CAM311A Clinical Studies 3

Following on from Clinical Studies 2 (CAM305A) students will now apply their theoretical knowledge of case taking, biomedicine and therapeutics to a conduct detailed case analysis and construction of therapeutic prescriptions.  In this classroom based subject, students will work in small groups to practice and refine client consultation, case analysis and development of treatment methodology skills with ‘real’ clients.

After the introductory phase, students (under the guidance of an experienced practitioner) will participate in a simulated clinic environment, each week an assigned group will have responsibility for conducting the client consultation, there is one primary practitioner and a secondary practitioner. The class group will then have the opportunity to ask clarifying questions from the patient prior to the patient’s departure.

Facilitated by the experienced practitioner, the class will then work collaboratively to develop a detailed analysis using biomedical, holistic, CAM and naturopathic analysis techniques.  Students will proceeds through the process of summarising, prioritising, analysing, filtering, determining a therapeutic strategy, treatment plan and prescription – modality specific.   Upon case completion the leading practitioners receive one on one feedback from the supervisor at the end of the session.

Trimester 6 Trimester X
Level 300 core
BHS301A Pathophysiology & Clinical Diagnosis 3

Pathophysiology & Clinical Diagnosis 3 (BHS301A) is a core subject that builds upon basic concepts covered in Pathophysiology & Clinical Diagnosis 2 (BHS204A). This subject comprises the pathophysiology, symptomatology and clinical physical diagnostics for various disease states of gerontology and aging and the endocrine, renal, urological and reproductive systems.  Clinical diagnostic skills for these various body systems are introduced together with laboratory diagnosis and include examination techniques, commonly used laboratory techniques and interpretation of findings.

Trimester 7 Trimester X
CAM301A Health Promotion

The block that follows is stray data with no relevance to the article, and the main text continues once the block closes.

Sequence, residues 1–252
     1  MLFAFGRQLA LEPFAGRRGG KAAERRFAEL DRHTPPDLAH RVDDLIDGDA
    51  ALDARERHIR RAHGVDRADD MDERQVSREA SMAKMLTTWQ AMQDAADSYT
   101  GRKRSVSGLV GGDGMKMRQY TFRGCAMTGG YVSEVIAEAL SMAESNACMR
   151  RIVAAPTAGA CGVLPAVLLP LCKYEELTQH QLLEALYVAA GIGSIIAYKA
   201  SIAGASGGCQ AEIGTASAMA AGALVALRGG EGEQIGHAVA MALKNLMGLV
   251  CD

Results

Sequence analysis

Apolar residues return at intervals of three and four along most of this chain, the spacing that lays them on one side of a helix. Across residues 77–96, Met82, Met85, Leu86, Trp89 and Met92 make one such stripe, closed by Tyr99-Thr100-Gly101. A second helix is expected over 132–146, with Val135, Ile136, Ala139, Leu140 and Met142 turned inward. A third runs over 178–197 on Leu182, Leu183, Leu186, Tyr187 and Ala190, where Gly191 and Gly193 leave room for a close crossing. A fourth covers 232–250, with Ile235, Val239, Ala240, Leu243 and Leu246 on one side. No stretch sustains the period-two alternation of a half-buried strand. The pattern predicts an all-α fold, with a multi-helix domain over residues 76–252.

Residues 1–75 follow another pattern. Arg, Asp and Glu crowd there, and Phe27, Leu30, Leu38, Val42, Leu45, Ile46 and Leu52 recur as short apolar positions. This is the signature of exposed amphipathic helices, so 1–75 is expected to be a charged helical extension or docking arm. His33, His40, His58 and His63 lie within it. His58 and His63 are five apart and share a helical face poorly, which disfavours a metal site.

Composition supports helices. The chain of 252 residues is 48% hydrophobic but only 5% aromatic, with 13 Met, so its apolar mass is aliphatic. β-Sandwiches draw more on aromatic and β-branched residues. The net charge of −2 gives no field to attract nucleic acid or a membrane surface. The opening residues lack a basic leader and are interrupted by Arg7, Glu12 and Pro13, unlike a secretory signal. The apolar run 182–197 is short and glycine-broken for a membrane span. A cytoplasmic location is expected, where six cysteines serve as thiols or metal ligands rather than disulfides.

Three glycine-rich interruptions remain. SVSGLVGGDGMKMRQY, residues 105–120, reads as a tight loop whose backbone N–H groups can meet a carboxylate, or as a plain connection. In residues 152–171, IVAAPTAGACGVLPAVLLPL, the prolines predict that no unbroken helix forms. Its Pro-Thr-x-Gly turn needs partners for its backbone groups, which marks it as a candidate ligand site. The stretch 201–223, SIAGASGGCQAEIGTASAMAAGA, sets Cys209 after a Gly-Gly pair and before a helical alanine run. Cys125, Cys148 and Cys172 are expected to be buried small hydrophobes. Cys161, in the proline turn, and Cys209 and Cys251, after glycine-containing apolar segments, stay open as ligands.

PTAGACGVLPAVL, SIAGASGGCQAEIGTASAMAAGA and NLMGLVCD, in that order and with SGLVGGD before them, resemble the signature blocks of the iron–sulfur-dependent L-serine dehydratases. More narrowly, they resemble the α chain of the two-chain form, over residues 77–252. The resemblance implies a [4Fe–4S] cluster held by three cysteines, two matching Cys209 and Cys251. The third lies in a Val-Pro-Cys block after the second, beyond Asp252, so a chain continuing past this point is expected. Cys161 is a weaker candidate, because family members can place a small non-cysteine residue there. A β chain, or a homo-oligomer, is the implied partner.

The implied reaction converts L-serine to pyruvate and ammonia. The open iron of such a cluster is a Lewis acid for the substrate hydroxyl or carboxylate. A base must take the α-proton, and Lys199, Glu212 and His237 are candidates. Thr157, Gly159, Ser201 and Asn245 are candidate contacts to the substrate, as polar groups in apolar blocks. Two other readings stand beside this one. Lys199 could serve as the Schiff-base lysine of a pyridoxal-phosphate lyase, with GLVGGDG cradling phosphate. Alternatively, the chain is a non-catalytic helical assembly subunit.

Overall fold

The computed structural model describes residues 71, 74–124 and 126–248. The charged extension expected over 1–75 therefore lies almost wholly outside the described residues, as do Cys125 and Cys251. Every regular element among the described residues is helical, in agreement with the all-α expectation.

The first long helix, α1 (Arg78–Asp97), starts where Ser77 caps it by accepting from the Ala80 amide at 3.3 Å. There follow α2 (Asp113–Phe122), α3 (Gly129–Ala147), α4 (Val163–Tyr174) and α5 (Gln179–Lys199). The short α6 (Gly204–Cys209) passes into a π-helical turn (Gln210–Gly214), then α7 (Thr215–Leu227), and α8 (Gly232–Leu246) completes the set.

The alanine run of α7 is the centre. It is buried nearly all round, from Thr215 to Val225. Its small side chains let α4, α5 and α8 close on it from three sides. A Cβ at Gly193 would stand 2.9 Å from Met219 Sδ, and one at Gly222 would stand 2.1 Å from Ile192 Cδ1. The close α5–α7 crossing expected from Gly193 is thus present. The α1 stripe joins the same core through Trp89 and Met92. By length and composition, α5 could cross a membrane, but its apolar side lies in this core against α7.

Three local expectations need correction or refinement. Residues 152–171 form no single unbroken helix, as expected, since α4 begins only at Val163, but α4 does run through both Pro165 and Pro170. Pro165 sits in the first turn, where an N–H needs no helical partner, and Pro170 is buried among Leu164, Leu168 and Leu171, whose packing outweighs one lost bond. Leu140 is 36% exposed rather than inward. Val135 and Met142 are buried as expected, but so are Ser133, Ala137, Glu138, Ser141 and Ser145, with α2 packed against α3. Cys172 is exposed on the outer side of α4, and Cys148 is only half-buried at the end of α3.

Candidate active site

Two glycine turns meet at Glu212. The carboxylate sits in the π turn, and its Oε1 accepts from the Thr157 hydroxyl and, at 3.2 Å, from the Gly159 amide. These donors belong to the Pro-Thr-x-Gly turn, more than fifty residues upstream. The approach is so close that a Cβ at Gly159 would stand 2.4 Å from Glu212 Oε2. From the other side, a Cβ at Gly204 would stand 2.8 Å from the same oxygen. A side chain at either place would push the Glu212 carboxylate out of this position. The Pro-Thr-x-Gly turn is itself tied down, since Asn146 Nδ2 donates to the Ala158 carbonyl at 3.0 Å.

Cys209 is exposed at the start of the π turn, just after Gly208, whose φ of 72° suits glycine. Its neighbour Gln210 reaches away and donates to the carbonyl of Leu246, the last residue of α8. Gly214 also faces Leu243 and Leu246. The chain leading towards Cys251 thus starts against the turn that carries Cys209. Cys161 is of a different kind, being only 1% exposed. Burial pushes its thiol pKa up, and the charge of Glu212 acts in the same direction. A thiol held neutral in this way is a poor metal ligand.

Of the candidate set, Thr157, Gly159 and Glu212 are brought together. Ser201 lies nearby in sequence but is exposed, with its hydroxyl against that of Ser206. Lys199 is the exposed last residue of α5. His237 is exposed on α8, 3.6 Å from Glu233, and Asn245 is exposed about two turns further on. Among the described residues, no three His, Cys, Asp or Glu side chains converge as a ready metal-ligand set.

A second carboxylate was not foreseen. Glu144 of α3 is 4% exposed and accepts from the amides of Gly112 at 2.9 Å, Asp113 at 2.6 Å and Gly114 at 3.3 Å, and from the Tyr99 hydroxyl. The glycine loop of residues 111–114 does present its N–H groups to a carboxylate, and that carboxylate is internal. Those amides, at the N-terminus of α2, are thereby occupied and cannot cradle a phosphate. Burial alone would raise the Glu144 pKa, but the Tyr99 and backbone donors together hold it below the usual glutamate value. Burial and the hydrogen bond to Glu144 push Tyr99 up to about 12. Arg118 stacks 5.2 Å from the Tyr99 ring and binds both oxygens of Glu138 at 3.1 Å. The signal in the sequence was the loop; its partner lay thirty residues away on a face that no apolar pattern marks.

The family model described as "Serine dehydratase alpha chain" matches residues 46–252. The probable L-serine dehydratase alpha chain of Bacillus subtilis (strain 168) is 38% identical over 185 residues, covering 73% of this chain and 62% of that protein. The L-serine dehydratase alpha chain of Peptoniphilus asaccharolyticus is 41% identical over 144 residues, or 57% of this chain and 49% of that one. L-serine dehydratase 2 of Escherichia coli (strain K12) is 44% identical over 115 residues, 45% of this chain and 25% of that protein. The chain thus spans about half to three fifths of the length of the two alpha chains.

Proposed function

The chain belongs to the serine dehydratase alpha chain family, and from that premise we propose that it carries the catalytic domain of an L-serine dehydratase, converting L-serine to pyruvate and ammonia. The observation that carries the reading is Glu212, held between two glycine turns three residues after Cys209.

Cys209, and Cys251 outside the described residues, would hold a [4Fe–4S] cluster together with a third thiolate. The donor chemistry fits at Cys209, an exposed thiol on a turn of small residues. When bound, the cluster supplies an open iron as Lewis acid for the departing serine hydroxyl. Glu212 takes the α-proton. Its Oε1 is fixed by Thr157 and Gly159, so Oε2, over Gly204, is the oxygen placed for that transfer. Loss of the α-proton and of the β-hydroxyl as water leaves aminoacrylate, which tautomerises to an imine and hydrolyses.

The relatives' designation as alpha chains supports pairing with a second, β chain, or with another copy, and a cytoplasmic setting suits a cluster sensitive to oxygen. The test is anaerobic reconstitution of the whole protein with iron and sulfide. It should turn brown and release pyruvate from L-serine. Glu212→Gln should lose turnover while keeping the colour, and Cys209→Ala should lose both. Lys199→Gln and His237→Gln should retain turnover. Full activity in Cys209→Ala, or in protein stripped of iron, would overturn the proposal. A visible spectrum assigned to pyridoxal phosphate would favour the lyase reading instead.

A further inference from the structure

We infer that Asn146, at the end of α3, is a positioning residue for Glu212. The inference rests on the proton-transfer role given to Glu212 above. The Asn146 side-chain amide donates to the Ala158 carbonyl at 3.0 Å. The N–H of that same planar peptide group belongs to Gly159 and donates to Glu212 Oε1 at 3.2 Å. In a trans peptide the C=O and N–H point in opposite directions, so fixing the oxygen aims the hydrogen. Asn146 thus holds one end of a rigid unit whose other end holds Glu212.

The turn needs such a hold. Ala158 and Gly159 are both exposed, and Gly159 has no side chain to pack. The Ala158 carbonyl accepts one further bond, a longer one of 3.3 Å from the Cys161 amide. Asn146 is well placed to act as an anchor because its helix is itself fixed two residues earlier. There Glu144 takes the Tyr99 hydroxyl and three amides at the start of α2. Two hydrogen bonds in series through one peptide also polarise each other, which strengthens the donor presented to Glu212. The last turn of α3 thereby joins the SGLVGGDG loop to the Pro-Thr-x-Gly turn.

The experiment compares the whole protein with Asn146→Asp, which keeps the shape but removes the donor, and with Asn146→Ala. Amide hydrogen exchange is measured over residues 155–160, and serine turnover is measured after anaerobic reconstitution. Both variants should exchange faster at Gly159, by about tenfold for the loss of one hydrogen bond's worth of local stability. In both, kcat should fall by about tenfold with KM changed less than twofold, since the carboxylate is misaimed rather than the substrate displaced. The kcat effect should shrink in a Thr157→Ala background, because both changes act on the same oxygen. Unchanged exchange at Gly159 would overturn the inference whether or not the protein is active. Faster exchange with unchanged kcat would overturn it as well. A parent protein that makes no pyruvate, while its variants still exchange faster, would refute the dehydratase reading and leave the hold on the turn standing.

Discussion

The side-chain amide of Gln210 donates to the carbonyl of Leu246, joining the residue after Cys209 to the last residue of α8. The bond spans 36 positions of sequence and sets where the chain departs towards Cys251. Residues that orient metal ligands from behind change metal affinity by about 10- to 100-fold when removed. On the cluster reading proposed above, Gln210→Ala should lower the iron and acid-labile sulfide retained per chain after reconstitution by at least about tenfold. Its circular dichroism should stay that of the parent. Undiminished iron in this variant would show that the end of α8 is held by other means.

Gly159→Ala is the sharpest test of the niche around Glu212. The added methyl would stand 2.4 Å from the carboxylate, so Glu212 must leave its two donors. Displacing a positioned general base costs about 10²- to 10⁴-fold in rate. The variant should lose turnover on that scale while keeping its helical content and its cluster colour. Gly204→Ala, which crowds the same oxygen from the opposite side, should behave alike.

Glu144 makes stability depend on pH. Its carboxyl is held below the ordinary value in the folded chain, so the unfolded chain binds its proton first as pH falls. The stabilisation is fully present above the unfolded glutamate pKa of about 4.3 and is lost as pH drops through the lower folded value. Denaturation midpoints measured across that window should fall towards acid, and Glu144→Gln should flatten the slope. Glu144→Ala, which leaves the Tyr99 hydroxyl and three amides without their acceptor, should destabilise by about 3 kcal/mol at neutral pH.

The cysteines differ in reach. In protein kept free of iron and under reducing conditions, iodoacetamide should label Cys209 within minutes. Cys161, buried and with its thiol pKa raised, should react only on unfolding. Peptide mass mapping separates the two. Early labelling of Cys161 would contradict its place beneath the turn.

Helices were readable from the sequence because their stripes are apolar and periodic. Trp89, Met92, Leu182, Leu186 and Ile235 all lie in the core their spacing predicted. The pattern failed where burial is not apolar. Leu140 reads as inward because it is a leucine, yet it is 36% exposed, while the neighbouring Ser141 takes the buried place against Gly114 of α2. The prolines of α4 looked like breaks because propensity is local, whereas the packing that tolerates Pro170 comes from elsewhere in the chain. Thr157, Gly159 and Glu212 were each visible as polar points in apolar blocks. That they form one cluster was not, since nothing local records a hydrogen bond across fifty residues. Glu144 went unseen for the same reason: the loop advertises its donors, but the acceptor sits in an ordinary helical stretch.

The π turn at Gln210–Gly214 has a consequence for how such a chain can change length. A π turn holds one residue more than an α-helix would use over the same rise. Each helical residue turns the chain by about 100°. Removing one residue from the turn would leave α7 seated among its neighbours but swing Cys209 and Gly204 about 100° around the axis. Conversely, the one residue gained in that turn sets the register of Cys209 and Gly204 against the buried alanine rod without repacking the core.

This subject provides students with the knowledge and understanding of health promotion concepts within various settings within Australia.  Students are introduced to the key theories and concepts regarding behavioural change as it relates to health status. This subject provides students with the opportunity to integrate their counselling and nutrition knowledge to devise and assess health promotion interventions.

Trimester 7 Trimester X
CAM312A Nutritional Therapeutics 2

Nutritional Therapeutics 2 (CAM312A) builds upon Nutritional Therapeutics 1 (CAM306A) in which students begin to integrate their science and nutritional knowledge for the support and treatment of particular health conditions.  Students will examine specific body systems and associated health conditions, and develop treatment approaches in a case based learning environment.  The endocrine, cardiovascular, musculoskeletal reproductive, genito-urinary and dermatological systems will be examined.

Trimester 7 Trimester X
CAM304A Nutrition Clinical Practicum 1

Bachelor of Health Science (Nutritional Medicine) students commence clinical studies with a common three-subject series of Clinical Studies 1, 2 and 3, in which students observe clinical practice, learn basic counselling,  case taking and analysis skills.  The Nutritional Medicine specialisation incorporates three subsequent clinical units: Nutrition Clinical Practicum 1, 2 and 3.